Egypt: “Medicalization” of FGM Risks Legitimizing a Harmful Practice
Wednesday, June 12, 2013 3:45 PM

The death of a 13-year-old Egyptian girl from complications incurred during female genital mutilation (FGM) performed by a doctor at an Egyptian clinic has drawn attention to the “medicalization” of FGM. FGM is a harmful practice with severe effects on women and girls’ mental and physical health. There are various justifications for the procedure; in Egypt, for example, it is thought to “reduce sexual desire.” However, FGM serves no medical purpose and has many health complications.
The trend of performing FGM in hospitals or clinics adversely affects efforts to abolish FGM. Although supporters of this medicalization trend argue that it is safer than the alternative—FGM performed by unlicensed and untrained persons without proper tools or sterilization—opponents to FGM note that performing the procedure in a clinical setting legitimizes this harmful practice.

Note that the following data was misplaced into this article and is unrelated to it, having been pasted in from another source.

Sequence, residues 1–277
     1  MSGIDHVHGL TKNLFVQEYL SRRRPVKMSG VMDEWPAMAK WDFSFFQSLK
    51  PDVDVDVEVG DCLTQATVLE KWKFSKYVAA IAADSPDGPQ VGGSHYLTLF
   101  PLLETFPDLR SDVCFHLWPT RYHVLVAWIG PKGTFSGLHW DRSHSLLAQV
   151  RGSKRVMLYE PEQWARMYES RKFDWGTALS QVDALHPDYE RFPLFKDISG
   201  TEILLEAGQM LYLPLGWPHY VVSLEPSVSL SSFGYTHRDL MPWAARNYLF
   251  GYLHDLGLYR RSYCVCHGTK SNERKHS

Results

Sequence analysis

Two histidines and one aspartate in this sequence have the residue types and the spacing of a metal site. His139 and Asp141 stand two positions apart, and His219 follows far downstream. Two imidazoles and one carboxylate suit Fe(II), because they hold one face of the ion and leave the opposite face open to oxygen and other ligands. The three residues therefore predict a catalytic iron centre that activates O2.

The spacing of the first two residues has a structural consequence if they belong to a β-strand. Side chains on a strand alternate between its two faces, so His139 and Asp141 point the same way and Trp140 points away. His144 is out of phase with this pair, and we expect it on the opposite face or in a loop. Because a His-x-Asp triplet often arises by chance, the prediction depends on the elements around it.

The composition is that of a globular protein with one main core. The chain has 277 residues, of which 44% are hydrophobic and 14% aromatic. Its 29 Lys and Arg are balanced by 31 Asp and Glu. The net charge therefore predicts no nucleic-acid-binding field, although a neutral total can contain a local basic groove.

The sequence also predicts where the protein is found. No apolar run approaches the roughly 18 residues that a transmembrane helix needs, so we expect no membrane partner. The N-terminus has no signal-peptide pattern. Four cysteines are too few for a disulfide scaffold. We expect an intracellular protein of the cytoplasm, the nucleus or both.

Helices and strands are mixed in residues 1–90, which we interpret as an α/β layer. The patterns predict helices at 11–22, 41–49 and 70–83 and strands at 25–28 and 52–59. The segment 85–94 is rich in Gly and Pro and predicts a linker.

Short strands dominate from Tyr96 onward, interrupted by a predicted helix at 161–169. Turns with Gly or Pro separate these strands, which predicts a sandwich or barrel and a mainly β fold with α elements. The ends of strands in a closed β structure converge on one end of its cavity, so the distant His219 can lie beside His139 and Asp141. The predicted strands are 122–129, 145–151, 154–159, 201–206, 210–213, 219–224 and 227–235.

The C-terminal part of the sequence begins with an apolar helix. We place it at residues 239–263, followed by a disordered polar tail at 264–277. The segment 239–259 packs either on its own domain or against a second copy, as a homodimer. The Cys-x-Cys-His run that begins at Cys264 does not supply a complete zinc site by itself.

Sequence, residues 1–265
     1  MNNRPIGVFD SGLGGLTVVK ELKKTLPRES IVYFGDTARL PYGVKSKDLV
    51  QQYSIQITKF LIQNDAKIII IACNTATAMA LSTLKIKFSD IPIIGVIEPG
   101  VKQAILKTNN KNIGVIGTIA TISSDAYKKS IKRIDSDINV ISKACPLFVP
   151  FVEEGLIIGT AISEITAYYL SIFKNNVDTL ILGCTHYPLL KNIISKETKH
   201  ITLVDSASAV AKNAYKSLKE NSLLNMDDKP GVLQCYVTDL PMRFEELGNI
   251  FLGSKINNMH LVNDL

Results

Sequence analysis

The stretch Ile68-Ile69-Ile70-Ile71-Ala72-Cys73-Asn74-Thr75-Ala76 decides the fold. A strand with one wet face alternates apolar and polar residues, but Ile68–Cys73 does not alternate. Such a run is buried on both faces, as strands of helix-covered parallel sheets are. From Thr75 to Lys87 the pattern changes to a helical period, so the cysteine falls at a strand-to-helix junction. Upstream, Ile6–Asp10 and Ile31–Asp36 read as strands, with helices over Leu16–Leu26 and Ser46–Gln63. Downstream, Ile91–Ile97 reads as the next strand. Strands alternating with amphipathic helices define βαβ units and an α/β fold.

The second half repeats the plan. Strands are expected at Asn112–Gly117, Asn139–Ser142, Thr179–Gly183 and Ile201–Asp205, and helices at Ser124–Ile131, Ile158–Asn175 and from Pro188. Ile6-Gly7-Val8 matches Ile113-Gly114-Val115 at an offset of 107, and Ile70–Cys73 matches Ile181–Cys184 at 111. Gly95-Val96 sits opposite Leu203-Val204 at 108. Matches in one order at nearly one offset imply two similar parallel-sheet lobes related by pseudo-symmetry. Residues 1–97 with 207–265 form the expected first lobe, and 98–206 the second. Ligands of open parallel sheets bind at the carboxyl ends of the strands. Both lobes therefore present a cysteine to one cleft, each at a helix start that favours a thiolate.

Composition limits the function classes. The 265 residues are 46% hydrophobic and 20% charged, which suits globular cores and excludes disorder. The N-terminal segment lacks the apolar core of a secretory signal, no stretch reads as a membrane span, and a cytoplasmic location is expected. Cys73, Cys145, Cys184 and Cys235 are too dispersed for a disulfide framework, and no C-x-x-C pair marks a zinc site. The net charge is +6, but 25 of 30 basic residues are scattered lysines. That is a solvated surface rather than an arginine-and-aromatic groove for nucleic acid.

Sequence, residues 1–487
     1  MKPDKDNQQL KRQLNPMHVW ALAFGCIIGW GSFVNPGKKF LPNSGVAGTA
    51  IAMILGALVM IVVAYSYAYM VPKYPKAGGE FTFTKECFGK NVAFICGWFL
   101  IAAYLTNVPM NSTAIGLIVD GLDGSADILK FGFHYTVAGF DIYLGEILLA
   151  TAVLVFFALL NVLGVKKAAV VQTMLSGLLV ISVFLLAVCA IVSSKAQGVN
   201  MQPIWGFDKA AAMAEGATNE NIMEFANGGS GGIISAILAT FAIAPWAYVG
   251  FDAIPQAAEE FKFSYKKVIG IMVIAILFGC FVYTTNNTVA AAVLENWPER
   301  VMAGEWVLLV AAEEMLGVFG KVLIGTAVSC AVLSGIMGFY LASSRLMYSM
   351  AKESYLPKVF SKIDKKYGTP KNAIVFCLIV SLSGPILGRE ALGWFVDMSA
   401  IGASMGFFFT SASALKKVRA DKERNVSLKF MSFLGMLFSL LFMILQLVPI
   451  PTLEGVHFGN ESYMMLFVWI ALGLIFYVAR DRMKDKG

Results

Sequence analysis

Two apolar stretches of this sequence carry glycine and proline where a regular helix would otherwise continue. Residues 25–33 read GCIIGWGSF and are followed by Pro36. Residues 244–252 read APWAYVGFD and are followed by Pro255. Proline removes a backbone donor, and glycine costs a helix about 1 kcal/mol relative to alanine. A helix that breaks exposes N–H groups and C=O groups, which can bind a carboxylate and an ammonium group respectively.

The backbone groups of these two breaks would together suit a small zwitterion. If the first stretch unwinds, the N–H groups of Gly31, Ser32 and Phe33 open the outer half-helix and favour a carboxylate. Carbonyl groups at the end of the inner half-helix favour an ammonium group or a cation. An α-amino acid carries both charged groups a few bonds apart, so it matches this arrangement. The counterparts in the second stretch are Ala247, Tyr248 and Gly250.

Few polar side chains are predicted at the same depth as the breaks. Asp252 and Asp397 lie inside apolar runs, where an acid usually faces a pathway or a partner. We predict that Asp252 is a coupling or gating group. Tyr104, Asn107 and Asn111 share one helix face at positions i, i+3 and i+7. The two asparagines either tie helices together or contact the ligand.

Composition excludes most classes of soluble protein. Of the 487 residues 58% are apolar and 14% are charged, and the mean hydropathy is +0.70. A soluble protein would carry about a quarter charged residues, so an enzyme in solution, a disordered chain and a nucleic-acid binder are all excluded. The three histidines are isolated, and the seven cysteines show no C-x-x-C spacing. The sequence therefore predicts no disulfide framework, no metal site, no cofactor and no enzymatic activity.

The Egyptian government banned the procedure in 2008 but it is still performed by some medical professionals as well as traditional practitioners. The U.N. Children’s Fund (UNICEF) and the U.N. Population Fund (UNFPA) are calling for Egypt to prosecute the doctor in question under this law. This is not the first time a child has died from FGM conducted in a hospital setting. Although the high rate of FGM in Egypt appears to be decreasing, immediate enforcement of the ban on the procedure is needed to ensure that the trend of medicalization of FGM does not threaten efforts to eradicate the practice.